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The Tufts Family in Somerville

by Edward C. Booth, M. D.
The origin of the Tufts family is uncertain. It is not unlikely that they are of Norwegian descent, and went to England in the time of the Vikings. Branches are found in England, Scotland, and Ireland. The earliest settler of the name in America, and the progenitor of by far the largest branch of the family in this country, came from England. Precisely what part of England he came from is not known; but there are indications pointing to the southern part of Norfolk county as his native place.

When he came is likewise unknown. Wyman says that he was an inhabitant in 1638. He kept the Ferry between Charlestown and Malden with his brother-in-law, Bridges, in 1646-7, but we have not been able to find any mention of him prior to that date. We do know, however, that he began to buy land in Charlestown and Malden between the years 1645 and '50, and that he continued to increase his holdings at short intervals till his death in 1700, at which time he was the largest landholder in Maiden. He appears not to have owned much, if any, land within the present limits of Somerville. He lived at one time near the Everett spring in Everett, but latterly on the site of the United States Ordnance property, near the Malden river and canal. Here he died, and near-by he lies buried.

Peter Tufts married the daughter of Thomas Pierce, of Charlestown, and had a large family of children. His four sons were Captain Peter, of Medford and Malden; James, who was killed in early life with Lothrop in the ambuscade at Bloody Brook in 1675; Jonathan, of Medford; and John, of Charlestown [22] and Malden. The youngest son, John, was the only one identified with Somerville. It does not appear that John, himself, lived within our limits, but he bought large tracts of land here on which he established his sons, Nathaniel and Peter. These sons lived and died on these farms, and from them are descended nearly all of the Tuftses who have ever lived in Somerville.

In 1699 John Tufts began buying land within the present limits of Somerville, and at his death, in 1728, he left to his son Nathaniel, forty-four acres, mostly on the south side of Union square; and to Peter an equally large tract, principally on the southwesterly side of Somerville avenue, near Dane street.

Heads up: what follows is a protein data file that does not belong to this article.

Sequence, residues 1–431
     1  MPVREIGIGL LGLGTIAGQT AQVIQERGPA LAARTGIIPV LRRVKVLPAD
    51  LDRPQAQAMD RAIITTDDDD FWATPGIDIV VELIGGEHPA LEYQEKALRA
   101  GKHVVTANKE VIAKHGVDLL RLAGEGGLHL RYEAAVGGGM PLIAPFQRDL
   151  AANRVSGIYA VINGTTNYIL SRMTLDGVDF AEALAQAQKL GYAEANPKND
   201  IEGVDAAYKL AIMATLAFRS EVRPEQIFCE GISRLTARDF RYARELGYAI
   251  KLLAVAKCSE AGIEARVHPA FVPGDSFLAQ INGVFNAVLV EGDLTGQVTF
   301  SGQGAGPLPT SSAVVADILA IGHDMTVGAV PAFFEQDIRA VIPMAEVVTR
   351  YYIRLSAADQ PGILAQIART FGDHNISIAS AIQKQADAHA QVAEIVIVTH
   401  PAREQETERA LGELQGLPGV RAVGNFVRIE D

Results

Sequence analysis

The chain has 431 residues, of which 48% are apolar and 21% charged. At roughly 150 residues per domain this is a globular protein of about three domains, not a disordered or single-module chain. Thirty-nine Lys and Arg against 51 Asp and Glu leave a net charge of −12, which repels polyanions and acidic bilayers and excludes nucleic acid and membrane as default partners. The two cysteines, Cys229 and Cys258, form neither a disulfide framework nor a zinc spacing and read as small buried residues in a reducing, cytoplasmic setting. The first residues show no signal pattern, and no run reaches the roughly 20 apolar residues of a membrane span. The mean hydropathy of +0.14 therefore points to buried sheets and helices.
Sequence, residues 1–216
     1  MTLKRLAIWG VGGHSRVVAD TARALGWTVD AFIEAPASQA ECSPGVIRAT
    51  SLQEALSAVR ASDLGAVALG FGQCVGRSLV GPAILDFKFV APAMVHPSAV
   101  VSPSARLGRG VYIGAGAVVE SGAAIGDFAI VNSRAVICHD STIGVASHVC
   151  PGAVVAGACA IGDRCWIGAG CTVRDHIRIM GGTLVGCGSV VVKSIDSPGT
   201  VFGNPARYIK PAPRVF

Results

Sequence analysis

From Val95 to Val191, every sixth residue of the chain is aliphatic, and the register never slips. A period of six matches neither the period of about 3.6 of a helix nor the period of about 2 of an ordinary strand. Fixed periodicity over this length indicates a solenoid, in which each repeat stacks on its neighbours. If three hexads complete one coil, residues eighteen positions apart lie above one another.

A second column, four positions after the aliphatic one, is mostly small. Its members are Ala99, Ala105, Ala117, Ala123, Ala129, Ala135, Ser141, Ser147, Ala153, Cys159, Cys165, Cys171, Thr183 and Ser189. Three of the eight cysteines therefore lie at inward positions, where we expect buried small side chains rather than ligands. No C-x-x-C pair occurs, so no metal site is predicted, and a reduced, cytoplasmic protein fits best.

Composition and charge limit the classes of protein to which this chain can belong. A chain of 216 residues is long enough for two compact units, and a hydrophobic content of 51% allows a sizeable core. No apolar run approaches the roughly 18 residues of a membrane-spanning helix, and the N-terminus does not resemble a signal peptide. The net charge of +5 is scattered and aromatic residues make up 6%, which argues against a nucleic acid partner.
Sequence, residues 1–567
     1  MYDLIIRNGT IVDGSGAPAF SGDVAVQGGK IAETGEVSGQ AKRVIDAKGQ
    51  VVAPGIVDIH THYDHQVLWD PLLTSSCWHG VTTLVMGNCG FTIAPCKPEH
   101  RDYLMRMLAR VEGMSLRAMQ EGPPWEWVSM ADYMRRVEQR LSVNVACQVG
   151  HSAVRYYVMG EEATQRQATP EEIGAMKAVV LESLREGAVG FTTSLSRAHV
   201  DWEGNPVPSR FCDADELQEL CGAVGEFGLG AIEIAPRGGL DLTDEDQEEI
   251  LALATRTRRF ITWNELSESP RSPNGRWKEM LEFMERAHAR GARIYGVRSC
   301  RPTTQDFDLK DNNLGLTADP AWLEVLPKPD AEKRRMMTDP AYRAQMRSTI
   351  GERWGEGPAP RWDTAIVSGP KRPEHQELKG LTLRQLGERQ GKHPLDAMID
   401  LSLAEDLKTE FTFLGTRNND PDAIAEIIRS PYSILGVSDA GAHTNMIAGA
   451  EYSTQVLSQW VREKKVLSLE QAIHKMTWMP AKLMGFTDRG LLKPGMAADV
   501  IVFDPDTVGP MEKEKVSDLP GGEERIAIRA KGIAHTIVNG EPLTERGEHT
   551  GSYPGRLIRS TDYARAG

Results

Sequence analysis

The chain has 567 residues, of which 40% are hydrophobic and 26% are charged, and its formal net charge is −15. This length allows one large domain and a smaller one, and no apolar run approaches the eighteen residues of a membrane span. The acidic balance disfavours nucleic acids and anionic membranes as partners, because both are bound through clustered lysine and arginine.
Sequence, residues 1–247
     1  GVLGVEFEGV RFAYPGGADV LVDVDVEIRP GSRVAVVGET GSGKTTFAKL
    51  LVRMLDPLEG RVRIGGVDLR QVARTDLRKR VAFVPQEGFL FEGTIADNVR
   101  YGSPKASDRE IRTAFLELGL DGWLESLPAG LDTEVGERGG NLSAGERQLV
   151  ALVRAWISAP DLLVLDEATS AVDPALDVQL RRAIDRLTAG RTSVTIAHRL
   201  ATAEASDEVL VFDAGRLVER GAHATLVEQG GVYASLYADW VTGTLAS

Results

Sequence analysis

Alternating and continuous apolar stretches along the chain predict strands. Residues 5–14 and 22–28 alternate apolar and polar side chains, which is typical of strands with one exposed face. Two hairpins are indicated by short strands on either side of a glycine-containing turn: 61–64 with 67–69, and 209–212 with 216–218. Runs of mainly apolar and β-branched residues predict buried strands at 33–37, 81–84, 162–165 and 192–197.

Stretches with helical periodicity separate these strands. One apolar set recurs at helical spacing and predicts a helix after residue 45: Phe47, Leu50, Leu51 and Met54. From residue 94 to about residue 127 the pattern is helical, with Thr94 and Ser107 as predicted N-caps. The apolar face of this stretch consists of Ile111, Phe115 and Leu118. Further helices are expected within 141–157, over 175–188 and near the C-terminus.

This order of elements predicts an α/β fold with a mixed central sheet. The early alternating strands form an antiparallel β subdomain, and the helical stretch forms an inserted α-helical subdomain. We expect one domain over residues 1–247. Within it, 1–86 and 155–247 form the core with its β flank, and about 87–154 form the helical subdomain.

Nathaniel Tufts was born in Medford in 1692. His mother was Mary, the daughter of Nathaniel Putnam, of Salem Village. He was a man, as the record runs, ‘much employed in public business,’ and was a lieutenant in the militia, from which military service the many hundreds of descendants of John and Mary (Putnam) Tufts become eligible to Colonial societies.

Nathaniel Tufts married, first, Mary Sprague, of Malden, who died within a year; second, Mary, the daughter of William Rand, of Charlestown, in 1716, who died in 1764. He died in 1741. She, and probably he, lie in the old cemetery in Harvard square,—this part of Somerville then belonging to the Cambridge parish. The children of Nathaniel who lived to grow up were: Nathaniel, William, Mary, John, Persis, and Isaiah.

We do not know when Nathaniel moved to his father's farm on the south side of Union square, but it was probably about the time of his marriage. No traditions of Nathaniel have been handed down, nor has any one that we have ever talked with, known aught of the house he lived in. But it must have stood in Washington street, near its junction with Webster avenue. It is probable that it was on the very site of St. Joseph's church, as the remains of an old cellar existed there some sixty years ago.

There were about nine acres in the homestead lot, and eightteen acres of ‘birch swamp,’ so-called, in the rear. The easterly limits were in the neighborhood of Prospect street; southerly, it [23] extended to the Cambridge line. Part of this birch pasture remained uncultivated and unbuilt — on till recent years; and furnished a skating ground for the children south of Prospect hill.